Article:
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What is a Mortgage Stress Test? New Mortgage Rules after the stress test came into effect.

What is a Mortgage Stress Test? New Mortgage Rules after the stress test came into effect.

In 2017, a new Canadian mortgage law specified that every Canadian who was applying for an unsecured mortgage at a federally regulated financial institution had to pass a mortgage stress test. Even a hefty down payment was not a sufficient reason for waiving the test. The new rules came into effect on January 1, 2018.

Why was the Mortgage Stress Test implemented?

Some of those seeking mortgages insisted it was to make it more difficult for them to secure a mortgage. That wasn’t the reason although these new rules regarding Canadian mortgages could, however, make it tougher to qualify.

Rather, the stress test is intended to be used as an instrument to discern whether those seeking an unsecured mortgage could deal successfully with rising mortgage rates. This test is supposed to answer the question: Will this borrower be able to repay this loan if interest rates climb?

There’s another reason: These changes in mortgage rules aim to act as a safety net for the Canadian housing industry. They are also to ensure Canadian consumers aren’t spending beyond their ability to pay.

Here is a scenario: Let’s say a household’s combined income is just under $90,000 and they could afford a twenty percent down payment. Before the new mortgage stress test, their house affordability might have been greater than $500,000. With the new mortgage rules in place, they would be able to afford a home just under $400,000.

What’s is the purpose of the Test?

This is not a traditional paper-and-pencil test. There’s nothing you have to study for. The test simply means that your status will be examined to see if you meet a minimum qualifying rate.

Stipulations for the New Canadian Stress Test Rate

According to the new rules, the minimum qualifying rate has to be the Bank of Canada five-year benchmark rate OR a mortgage rate over two percent—whichever is higher.

Lenders’ loan-to-value must be responsive to current lending risks. New restrictions seem aimed at circumventing loan-to-value limits.

Does this sound complicated? Here is an example: Let’s say the lending institution offers you a rate just a touch under three percent. The benchmark on your stress test would then be just over five percent. Assuming you can make the suggested twenty-percent down payment and are offered a rate of just under three and a half percent, your stress test rate would be approximately five and a half percent.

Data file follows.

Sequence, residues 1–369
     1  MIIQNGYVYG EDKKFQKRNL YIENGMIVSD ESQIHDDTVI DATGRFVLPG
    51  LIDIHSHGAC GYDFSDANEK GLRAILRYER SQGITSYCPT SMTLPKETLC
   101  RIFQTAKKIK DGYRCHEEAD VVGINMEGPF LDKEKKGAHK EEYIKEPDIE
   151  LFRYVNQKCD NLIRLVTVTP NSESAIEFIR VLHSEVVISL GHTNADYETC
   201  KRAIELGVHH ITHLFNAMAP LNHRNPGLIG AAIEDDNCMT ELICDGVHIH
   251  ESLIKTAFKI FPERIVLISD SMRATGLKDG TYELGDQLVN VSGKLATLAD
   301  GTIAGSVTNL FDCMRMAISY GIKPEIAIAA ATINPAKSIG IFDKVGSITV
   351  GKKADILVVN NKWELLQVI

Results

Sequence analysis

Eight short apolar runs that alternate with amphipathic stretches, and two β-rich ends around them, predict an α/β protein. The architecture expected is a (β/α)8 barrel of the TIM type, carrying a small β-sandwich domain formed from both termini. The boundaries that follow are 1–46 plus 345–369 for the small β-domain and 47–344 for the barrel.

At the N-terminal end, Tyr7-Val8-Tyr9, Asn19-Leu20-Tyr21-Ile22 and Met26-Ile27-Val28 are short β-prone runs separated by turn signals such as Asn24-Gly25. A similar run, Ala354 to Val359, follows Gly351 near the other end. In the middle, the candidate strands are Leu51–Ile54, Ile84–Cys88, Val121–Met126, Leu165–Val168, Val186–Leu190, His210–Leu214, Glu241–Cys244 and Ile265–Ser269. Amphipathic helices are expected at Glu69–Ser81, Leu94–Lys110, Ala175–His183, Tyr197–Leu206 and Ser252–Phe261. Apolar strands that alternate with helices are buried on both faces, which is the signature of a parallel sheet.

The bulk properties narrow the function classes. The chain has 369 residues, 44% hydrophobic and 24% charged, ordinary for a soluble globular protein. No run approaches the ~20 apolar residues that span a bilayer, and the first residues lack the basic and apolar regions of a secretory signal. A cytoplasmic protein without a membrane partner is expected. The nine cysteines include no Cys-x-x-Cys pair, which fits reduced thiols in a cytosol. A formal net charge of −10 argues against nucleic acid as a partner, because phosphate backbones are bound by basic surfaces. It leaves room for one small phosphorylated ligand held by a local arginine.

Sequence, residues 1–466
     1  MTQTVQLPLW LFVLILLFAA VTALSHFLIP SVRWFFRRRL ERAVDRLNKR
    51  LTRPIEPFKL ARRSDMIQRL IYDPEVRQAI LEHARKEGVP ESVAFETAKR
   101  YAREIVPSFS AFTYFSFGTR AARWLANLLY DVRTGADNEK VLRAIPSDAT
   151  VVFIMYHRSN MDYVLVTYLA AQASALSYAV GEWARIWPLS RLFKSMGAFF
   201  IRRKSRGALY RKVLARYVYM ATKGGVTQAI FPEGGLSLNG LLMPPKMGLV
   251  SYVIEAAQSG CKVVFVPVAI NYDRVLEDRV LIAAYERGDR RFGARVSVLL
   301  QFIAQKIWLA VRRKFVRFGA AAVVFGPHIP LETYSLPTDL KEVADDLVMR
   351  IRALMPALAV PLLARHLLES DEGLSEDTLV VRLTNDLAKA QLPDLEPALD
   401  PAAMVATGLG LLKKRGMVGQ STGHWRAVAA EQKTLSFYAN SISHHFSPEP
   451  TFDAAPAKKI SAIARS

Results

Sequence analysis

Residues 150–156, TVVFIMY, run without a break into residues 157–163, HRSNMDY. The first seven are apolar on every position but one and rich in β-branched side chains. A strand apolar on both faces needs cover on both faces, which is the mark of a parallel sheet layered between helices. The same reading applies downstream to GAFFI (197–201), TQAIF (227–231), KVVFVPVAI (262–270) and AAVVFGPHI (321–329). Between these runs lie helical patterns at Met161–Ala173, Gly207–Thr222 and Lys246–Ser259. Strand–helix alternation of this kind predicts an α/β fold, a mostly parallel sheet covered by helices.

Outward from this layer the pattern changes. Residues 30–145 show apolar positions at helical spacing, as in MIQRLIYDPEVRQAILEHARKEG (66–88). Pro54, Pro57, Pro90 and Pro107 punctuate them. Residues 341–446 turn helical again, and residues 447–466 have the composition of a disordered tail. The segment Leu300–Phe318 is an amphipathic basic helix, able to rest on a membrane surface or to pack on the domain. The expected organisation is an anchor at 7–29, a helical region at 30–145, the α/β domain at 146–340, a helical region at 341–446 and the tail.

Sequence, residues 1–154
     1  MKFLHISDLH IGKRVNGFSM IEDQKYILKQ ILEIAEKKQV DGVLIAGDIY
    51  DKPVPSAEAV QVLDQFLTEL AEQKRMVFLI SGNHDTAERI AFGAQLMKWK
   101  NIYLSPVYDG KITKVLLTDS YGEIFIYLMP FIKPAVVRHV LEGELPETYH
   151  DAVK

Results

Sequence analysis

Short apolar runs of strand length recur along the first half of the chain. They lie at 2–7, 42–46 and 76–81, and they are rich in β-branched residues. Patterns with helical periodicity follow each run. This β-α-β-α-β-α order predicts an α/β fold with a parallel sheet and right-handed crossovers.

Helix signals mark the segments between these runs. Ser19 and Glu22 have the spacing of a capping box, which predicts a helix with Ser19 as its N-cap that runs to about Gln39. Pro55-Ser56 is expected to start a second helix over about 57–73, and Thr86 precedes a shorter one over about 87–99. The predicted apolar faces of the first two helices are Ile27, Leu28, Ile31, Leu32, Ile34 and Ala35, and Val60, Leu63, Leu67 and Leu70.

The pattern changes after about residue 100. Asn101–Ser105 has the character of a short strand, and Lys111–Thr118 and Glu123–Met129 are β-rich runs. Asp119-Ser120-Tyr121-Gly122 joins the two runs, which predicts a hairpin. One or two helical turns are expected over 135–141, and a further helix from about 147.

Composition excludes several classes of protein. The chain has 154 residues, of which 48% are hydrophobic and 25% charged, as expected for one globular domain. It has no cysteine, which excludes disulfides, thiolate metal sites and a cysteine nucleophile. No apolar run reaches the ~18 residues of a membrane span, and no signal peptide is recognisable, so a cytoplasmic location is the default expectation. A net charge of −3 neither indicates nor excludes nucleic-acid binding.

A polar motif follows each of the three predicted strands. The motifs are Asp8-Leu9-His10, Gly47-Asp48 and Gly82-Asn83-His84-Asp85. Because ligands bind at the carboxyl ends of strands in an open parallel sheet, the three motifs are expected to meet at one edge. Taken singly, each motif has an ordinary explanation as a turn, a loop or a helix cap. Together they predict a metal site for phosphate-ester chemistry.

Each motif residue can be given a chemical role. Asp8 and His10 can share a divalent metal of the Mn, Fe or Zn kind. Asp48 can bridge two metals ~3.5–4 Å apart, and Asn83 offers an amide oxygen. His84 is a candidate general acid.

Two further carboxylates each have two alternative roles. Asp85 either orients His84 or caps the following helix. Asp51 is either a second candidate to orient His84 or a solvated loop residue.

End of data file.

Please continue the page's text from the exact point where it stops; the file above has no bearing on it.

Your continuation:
Why be Concerned?

Anyone who is applying for an unsecured mortgage to buy a house will be affected by the new rules. Basically, as a borrower, the onus will be on you to show proof of your ability to honor your mortgage payment each month even if the interest rates increase.

If you’re feeling relieved that you got your mortgage before January 1, 2018, don’t get too comfortable. If the time comes when you need to refinance, or you are forced to take out a home line of credit, then you will have to take the stress test. If you switch mortgage lenders to one under federal regulations, you must take the test. If you renew your mortgage with the present lender, you won’t have to take this test.

A Toronto Dominion Trust economist has estimated that the new stress test will lower housing demands by up to ten percent. It will also reduce house price growth by up to four percent. This also means home sales could shrink by up to fifteen percent.

 

What Do Canadians Feel about the Test?

According to a 2018 homebuyers’ survey, over twenty percent of Canadians don’t know about or understand the new rules. Thirteen percent aren’t concerned because they are not seeking a loan from a bank. Lending institutions like credit unions and other individual lenders not federally regulated are not under the rules of the mortgage stress test.

However, when the situation about rising mortgage rates is raised, three in four Canadians believe interest rates on home loans are going up. Nearly four in every ten are convinced mortgage rate increases will occur soon. One in four believes home loan rates will continue to increase.

Whether they are potentially new home buyers or people who already hold a mortgage, just under half of those surveyed stated that they had no plans to take the stress test regarding their mortgage. Should the increase many of them expect occur, they noted that they are prepared.

Are the New Rules Helpful?

Many who are applying for an unsecured mortgage at a federally regulated institution may see the new rules as the cause of a rise in mortgage rates. Some see it as another hoop they have to jump through to get a mortgage. Some are angry. Others are frustrated.

However, the reality is that mortgage rates will most likely rise. The mortgage stress test actually ensures that optimistic Canadians don’t over-extend themselves when it comes to purchasing a home.

What are New Homebuyers Seeking

When they consider fixed versus variable mortgage rates, new home buyers are very much affected by what they perceive as escalating mortgage rates.

Only thirteen in every hundred surveyed said fluctuating rates would not affect the type of mortgage they chose.  Almost a third stated that they would choose a fixed-rate mortgage and five in a hundred were certain their choice would be a variable rate mortgage.

What about Mortgage Holders?

Those who already have mortgages may also be affected by rising rates. The one in four who opted for a variable rate mortgage will be immediately impacted. If they are part of the nearly seventy percent who chose a fixed-rate mortgage, they won’t be affected immediately. However, when their present term ends, they can expect a new rate that is at least five percent higher.